St. Josemaria Escriva on Penance

The asceticism of St. Josemaria Escriva de Balaguer, his love for the Cross and the search for it in secular ordinariness.

On October 16th, 1931, while in the street, he heard: “You are my Son; you are Christ.” The point to be made: As Creator of all that is, Christ could not be made to suffer because His divine “I” had to create that which would cause His “I” to suffer as man. That is to say: the penance and the mortification of Lent, as understood by St. Josemaria Escriva, is something that we have to search for if we are to live it as Christ lived it. Escriva wrote: “For us to reach God, Christ is the way: but Christ is on the Cross.”[1] And then: “You yourself must decide of your own free will to take up the Cross; otherwise, your tongue may say that you are imitating Christ, but your actions will belie your words. That way, you will never get to know the Master intimately, or love him truly. It is really important that we Christians convince ourselves of this. We are not walking with our Lord unless we are spontaneously depriving ourselves of many things that our whims, vanity, pleasure, or self-interest clamor for. Not a single day should pass that has not been seasoned with the salt and grace of mortification; and please get rid of the idea that you would then be miserable. What a sad little happiness you will have if you don’t learn to overcome yourself, if you let your passions and fancies dominate and crush you, instead of courageously taking up your Cross!”[2] And shortly beyond that, he gave a short phenomenology of penance:

              “Penance is fulfilling exactly the timetable you have fixed for yourself, even though your body resists or your mind tries to avoid it by dreaming up useless fantasies. Penance is getting up on time and also not leaving for later, without any real reason, that particular job that you find harder or most difficult to do.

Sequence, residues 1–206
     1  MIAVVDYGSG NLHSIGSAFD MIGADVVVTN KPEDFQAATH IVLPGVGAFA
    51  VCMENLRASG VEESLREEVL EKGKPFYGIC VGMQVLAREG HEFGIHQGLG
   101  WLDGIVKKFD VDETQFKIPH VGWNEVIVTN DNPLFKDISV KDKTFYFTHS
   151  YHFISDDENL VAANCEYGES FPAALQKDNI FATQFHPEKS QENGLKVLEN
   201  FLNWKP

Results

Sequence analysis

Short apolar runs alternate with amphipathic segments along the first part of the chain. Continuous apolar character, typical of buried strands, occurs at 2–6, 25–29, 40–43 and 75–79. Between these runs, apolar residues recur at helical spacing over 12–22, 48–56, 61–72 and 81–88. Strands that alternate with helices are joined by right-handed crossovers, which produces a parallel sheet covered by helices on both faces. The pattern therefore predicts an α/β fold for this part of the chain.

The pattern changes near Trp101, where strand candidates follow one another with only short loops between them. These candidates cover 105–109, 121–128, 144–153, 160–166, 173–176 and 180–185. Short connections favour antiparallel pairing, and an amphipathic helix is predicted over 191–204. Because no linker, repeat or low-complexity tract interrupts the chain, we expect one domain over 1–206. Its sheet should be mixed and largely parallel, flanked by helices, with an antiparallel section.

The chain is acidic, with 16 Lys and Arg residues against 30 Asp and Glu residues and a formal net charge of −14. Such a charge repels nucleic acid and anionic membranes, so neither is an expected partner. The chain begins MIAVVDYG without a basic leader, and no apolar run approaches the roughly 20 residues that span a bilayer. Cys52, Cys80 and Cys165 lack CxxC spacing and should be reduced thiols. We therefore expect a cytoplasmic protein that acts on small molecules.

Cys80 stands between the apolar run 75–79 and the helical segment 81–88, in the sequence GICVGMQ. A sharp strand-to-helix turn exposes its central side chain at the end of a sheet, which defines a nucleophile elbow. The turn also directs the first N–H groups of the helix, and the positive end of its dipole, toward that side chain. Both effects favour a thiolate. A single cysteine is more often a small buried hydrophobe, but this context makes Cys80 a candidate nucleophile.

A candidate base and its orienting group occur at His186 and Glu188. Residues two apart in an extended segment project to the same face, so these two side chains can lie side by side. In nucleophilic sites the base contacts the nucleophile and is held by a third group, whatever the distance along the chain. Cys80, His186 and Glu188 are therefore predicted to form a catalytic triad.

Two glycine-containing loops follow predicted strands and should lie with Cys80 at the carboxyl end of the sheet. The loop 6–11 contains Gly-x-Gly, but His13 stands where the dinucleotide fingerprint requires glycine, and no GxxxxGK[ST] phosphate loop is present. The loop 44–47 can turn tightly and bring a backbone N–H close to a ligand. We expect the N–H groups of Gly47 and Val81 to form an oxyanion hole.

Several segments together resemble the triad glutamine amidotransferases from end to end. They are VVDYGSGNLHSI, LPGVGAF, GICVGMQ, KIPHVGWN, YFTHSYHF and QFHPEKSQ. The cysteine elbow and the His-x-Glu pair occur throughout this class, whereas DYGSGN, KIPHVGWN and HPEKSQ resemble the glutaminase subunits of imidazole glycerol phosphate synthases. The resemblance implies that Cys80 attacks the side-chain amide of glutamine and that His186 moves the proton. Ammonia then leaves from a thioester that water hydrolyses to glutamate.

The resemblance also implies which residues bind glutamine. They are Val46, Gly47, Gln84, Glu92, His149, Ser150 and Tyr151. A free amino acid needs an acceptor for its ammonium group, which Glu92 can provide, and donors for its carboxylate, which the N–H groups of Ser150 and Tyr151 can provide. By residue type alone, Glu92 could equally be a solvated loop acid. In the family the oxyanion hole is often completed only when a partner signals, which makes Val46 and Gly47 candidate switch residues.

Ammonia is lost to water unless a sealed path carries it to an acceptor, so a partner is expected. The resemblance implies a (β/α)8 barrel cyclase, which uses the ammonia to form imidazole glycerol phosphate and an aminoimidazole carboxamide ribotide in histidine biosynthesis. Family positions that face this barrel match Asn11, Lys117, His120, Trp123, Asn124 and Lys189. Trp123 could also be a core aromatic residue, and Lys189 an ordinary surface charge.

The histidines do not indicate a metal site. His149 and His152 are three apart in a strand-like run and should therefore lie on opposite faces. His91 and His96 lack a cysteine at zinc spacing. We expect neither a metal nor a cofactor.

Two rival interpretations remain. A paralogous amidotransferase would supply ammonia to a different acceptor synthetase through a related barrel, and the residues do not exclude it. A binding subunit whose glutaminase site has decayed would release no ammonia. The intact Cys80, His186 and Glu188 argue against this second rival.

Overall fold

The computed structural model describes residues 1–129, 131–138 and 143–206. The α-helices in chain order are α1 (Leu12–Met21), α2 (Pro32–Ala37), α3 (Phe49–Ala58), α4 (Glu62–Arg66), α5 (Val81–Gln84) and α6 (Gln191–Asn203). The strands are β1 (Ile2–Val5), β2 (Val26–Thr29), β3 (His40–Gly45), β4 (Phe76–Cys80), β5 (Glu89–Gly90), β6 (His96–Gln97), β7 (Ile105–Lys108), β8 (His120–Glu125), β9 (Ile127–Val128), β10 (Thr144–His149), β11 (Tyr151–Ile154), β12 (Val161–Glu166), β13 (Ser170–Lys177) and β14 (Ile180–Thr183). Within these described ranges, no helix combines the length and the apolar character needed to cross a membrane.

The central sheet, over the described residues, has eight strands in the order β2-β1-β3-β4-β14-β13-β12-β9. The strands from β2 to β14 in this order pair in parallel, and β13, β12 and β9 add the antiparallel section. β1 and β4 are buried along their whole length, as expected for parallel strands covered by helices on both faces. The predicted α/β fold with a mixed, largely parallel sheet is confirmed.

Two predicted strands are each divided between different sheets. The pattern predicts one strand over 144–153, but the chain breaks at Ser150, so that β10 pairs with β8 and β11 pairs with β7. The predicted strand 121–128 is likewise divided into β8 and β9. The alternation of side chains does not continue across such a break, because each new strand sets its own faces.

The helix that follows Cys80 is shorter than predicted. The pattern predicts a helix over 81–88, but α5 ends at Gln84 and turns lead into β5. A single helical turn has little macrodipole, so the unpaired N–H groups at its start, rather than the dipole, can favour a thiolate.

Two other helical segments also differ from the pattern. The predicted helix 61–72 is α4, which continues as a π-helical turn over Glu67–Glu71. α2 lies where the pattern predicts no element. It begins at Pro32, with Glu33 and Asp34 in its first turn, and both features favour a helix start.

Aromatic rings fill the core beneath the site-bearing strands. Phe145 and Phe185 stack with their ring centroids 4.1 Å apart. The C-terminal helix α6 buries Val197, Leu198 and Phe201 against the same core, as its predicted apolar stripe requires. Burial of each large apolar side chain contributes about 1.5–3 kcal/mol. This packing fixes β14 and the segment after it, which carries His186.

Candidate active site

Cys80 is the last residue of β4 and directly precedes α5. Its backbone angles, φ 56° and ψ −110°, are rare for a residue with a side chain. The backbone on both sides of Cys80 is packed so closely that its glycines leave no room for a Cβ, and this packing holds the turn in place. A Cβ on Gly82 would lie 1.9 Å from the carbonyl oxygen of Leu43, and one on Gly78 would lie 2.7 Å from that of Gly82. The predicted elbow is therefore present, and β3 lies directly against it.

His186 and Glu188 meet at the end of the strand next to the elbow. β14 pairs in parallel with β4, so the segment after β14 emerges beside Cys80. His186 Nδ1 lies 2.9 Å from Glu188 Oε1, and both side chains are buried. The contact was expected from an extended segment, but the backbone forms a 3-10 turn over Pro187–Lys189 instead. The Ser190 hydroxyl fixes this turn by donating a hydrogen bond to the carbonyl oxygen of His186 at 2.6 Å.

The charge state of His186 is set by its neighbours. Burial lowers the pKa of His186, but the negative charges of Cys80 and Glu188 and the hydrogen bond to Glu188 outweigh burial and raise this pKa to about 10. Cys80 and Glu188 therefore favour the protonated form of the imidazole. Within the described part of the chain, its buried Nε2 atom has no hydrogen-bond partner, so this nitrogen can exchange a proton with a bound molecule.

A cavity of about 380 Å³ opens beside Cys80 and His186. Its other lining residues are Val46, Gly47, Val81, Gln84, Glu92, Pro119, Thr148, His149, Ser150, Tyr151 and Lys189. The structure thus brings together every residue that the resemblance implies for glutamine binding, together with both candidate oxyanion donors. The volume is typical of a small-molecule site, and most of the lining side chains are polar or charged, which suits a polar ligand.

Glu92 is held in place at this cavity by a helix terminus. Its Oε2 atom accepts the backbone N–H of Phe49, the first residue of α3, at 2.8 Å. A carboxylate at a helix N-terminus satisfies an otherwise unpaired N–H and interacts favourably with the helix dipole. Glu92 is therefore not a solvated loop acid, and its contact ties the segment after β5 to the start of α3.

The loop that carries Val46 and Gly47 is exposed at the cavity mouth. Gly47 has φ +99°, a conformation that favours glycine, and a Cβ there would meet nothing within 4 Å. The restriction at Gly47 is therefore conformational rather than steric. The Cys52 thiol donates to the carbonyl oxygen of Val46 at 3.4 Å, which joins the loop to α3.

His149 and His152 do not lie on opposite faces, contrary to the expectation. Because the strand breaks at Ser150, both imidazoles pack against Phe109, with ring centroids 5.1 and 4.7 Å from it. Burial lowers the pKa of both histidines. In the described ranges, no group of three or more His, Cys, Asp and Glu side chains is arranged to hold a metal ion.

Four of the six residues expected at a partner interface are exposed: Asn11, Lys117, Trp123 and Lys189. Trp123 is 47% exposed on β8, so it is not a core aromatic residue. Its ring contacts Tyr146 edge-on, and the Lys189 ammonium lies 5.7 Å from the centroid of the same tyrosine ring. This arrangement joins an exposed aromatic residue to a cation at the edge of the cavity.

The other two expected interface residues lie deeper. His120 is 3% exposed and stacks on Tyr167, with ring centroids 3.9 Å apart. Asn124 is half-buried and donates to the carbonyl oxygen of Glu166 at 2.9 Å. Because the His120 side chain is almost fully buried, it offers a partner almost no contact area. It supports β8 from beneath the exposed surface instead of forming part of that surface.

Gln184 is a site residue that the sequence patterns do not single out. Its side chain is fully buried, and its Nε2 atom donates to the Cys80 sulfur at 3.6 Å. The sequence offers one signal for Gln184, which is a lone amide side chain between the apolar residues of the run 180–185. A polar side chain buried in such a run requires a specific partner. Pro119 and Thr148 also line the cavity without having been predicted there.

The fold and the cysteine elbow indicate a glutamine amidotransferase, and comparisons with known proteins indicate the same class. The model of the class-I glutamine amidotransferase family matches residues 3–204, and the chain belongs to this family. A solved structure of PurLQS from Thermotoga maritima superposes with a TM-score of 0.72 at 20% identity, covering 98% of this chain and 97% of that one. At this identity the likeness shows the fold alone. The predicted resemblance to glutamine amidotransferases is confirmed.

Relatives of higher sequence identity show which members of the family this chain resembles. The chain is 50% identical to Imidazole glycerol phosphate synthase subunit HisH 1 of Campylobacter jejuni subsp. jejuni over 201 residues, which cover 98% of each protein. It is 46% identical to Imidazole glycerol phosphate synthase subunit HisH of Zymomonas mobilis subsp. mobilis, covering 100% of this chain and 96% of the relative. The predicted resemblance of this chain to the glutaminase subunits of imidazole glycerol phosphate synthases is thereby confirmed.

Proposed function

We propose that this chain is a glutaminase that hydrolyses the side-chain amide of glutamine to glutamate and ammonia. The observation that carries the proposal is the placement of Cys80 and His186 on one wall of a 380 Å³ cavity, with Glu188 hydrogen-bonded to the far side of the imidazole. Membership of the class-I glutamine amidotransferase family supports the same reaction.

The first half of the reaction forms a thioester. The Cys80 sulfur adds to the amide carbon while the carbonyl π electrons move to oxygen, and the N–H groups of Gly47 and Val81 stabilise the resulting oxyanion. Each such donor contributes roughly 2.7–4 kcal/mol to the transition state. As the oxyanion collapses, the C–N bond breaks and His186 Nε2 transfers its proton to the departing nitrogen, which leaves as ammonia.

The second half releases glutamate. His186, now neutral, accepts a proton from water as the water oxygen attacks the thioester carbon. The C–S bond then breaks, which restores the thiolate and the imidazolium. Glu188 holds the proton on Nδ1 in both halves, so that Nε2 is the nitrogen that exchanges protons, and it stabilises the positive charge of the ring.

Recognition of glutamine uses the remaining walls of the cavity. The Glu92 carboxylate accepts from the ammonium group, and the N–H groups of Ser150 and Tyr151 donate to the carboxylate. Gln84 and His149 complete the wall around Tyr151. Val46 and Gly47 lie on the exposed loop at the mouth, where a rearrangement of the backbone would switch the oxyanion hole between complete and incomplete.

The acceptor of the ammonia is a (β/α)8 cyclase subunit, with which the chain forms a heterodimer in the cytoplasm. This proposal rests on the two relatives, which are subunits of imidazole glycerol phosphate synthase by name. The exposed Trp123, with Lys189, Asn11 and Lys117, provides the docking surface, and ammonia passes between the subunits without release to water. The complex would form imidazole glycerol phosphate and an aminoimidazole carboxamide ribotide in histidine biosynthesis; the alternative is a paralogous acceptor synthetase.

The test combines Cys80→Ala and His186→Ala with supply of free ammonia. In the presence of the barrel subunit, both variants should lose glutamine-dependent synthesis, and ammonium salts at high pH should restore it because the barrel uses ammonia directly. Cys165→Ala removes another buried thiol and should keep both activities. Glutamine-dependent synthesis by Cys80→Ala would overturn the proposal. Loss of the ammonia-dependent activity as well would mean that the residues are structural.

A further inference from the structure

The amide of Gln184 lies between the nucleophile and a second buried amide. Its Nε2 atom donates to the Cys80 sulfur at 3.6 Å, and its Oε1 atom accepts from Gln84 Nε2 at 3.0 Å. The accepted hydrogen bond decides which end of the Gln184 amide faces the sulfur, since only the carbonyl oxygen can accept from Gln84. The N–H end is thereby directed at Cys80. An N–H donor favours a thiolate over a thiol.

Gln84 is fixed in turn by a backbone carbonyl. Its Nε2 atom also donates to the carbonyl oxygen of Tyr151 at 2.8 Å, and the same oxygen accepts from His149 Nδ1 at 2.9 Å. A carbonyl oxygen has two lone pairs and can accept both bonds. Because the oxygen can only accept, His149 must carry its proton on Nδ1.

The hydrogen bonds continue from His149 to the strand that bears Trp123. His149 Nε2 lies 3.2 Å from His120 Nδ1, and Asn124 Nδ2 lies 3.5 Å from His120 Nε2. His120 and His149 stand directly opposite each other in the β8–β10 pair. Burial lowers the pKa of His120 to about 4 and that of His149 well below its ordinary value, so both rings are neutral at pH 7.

Penance is knowing how to reconcile your duties to God, to others and to yourself, by making demands on yourself so that you find enough time for each of your tasks. You are practicing penance when you lovingly keep to your schedule of prayer, despite feeling worn out, listless or cold.

               Penance means being very charitable at all times towards those around you, starting with the members fo your own family. It is to be full of tenderness and kindness towards the suffering, the sick and the infirm. It is to give patient answers to people who are boring and annoying. It means interrupting our work or changing our plans, when circumstances make this necessary, above all when the just and rightful needs of others are involved.

               Penance consists in putting up good-humoredly with the thousand and one little pinpricks of each day; in not abandoning your job, although you have momentarily lost the enthusiasm with which you started it; in eating gladly whatever is served, without being fussy.

               For parents and, in general, for those whose work involves supervision or teaching, penance is to correct whenever it is necessary. This should be done bearing in mind the type of fault committed and the situation of the person  who needs to be helped, not letting oneself be swayed by subjective viewpoints, which are oft en cowardly and sentimental.

               A spirit of penance keeps us from becoming too attached to the vast imaginative blueprints we have made for our future projects, where we have already foreseen our master strokes and brilliant successes. What joy we give to God when we are happy to lay aside our third-rate painting efforts and let him put in the features and colors of his choice.

               I could continue pointing out a multitude of details (I have just mentioned those that came immediately to mind) which you can take advantage of during the course of the day to come closer to God and to your neighbor.

[1] “The Way of the Cross” – 10th Station.

[2] “Friends of God,” 129.

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